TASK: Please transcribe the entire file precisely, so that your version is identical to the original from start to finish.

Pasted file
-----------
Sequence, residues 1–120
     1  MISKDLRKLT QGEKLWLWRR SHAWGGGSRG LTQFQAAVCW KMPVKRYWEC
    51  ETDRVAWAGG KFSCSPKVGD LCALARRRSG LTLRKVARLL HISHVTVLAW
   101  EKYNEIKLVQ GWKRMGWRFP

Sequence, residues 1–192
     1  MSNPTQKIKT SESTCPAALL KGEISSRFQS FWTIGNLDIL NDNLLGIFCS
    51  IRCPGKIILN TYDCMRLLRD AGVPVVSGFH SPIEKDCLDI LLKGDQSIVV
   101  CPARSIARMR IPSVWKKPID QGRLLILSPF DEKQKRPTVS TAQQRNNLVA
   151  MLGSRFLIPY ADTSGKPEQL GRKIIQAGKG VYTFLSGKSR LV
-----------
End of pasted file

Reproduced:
Sequence, residues 1–120
     1  MISKDLRKLT QGEKLWLWRR SHAWGGGSRG LTQFQAAVCW KMPVKRYWEC
    51  ETDRVAWAGG KFSCSPKVGD LCALARRRSG LTLRKVARLL HISHVTVLAW
   101  EKYNEIKLVQ GWKRMGWRFP

Sequence, residues 1–192
     1  MSNPTQKIKT SESTCPAALL KGEISSRFQS FWTIGNLDIL NDNLLGIFCS
    51  IRCPGKIILN TYDCMRLLRD AGVPVVSGFH SPIEKDCLDI LLKGDQSIVV
   101  CPARSIARMR IPSVWKKPID QGRLLILSPF DEKQKRPTVS TAQQRNNLVA
   151  MLGSRFLIPY ADTSGKPEQL GRKIIQAGKG VYTFLSGKSR LV